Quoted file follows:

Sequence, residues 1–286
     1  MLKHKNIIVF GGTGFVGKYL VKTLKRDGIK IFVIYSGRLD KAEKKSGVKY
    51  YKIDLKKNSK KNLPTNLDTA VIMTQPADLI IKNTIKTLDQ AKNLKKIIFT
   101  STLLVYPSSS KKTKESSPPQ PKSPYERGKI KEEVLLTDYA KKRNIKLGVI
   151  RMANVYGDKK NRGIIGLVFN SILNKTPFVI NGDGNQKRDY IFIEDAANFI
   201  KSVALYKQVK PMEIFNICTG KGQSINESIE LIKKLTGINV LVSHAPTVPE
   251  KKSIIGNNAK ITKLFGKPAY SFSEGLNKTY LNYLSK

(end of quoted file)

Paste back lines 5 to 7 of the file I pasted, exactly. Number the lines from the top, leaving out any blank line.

   151  RMANVYGDKK NRGIIGLVFN SILNKTPFVI NGDGNQKRDY IFIEDAANFI
   201  KSVALYKQVK PMEIFNICTG KGQSINESIE LIKKLTGINV LVSHAPTVPE
   251  KKSIIGNNAK ITKLFGKPAY SFSEGLNKTY LNYLSK